Letters dance in music videos and title sequences, they fit together to make short films, promote TV formats, products and services. They radiate into the public space from banners, large screens and media façades. The variety of ways in which type is set in motion is the focus of the exhibition "Type in Motion", now on show at the Museum of Design Zurich.
It all started with a teleprompter: This piece of equipment projects through a semi-transparent mirror texts to the presenter, enabling her to look straight into the camera that is positioned behind the mirror while she reads. The lines of text surface and disappear again at a preselected pace. Sentence by sentence, the script scrolls down and transforms in the presenter's mouth into a news item that is then heard by millions in front of their TV screens. At the exhibition, visitors get the opportunity to have a go at reading out a running text.
Following World War II, it was not just the teleprompter that caught on in the United States; along with it the tickers for news and promotional ads also came on the scene. Not only did these have to be easily legible, they also had to catch people's attention. This was the point when it became fun to experiment with form and content, and there are countless examples. Andres Janser, who curated "Type in Motion" for the Museum of Design Zurich, has compiled a wide selection. Structured into five chapters, over 120 works convey a somewhat different kind of media history. It would take about three hours if you were to see it all.
The most spectacular start to the world of moving letters is no doubt David Carson's hyper-nervous roundup of the history of humanity. His short film "The End of Print II" starts with Zeus, next is Mercury, who introduces fire and thus enables culture, the joy in seeing pictures, in story-telling, with the stories then taking on written form, in other words, texts were written down, then printed at some point along the way before they came to be widely available and were reduced to a fluid state in the digital age. Which is where we are. Within the space of just five minutes we find ourselves helplessly immersed in fonts and illustrations, snippets of words, text fragments (read by William S. Burroughs) and scraps of music, and we recall that from the late 1980s David Carson made letters dance across the printed page, too, much to the delight of the gods.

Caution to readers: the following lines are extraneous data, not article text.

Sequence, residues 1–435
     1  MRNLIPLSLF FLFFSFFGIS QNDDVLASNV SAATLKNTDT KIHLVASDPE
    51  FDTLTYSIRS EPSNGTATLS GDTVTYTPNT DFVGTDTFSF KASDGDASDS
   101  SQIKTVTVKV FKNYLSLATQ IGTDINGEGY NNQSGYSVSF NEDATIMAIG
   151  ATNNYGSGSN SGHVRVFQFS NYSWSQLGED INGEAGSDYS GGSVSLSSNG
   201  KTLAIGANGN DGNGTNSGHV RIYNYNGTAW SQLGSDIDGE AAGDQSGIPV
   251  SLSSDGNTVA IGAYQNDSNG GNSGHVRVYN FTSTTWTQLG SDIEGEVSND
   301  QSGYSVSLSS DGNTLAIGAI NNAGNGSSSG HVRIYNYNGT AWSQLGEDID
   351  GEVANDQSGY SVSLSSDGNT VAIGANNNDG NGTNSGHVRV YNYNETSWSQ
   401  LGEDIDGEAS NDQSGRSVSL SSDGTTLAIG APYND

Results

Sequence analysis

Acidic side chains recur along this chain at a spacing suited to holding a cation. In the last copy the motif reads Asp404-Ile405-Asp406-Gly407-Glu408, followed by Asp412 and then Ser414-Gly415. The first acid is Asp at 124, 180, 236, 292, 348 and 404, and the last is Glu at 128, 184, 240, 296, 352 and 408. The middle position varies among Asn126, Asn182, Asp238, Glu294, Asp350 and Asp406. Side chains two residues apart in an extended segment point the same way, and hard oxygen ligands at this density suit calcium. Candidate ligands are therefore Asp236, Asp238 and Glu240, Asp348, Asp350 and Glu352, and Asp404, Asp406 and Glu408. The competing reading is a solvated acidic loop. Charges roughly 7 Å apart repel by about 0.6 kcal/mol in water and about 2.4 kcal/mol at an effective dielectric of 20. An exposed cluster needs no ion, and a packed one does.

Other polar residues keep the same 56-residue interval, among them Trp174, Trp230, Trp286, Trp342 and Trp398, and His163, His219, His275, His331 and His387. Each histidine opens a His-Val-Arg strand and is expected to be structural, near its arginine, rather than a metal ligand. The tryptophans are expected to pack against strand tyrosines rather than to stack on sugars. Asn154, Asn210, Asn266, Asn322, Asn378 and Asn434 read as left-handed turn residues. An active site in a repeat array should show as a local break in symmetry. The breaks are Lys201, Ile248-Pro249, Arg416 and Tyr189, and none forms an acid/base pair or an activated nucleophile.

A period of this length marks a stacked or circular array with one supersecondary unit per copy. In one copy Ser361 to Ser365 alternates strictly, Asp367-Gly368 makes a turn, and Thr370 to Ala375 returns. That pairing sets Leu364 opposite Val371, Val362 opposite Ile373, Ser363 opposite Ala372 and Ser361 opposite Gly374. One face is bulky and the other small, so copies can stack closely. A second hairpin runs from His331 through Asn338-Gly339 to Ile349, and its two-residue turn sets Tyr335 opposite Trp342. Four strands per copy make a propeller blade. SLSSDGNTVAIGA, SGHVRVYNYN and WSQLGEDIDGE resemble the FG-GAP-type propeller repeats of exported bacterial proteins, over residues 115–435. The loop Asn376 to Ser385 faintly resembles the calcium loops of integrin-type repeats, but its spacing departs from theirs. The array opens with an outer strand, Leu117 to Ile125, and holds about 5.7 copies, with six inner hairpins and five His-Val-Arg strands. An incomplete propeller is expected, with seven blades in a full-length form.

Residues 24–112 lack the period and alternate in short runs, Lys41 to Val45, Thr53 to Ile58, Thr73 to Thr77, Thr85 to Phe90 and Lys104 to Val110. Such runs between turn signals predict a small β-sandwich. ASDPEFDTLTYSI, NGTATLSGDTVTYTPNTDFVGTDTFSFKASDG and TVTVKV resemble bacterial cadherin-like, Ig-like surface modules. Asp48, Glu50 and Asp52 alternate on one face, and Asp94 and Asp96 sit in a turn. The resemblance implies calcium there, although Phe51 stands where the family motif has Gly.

When music videos first appeared on the scene, they still seemed to have been written by hand, as it were; they had a more leisurely and, in a sense, somewhat melancholic feel to them. In 1967, Bob Dylan in his video "Subterranean Homesick Blues" is seen dropping sheets of paper on the floor, silently, one after the other, sheets displaying handwritten and not always grammatically correct fragments of his lyrics, which can be heard off-camera. This prototype of the music video, which was the intro to his tour movie "Don't Look Back", set the stage for many to follow. There is a long list of successors and variations, with some included in the exhibition, such as Yello, INXS, Wir sind Helden and Kanye West.
In music videos it all comes down to rhythm, synesthesia being the ultimate goal. What you hear is what you see - because even letters can make music. This connection was forged virtually by the book in a French video some years ago. In 2002, graphic artist and disc jockey Arthur King Estienne introduced the techniques of sampling, showing that tempo, rhythm, sound and tone pitch can be manipulated, fragments can be cut and pieced together differently to result in rap or techno. The beauty of it: King demonstrates all this simply using letters and single words that light up against a black background.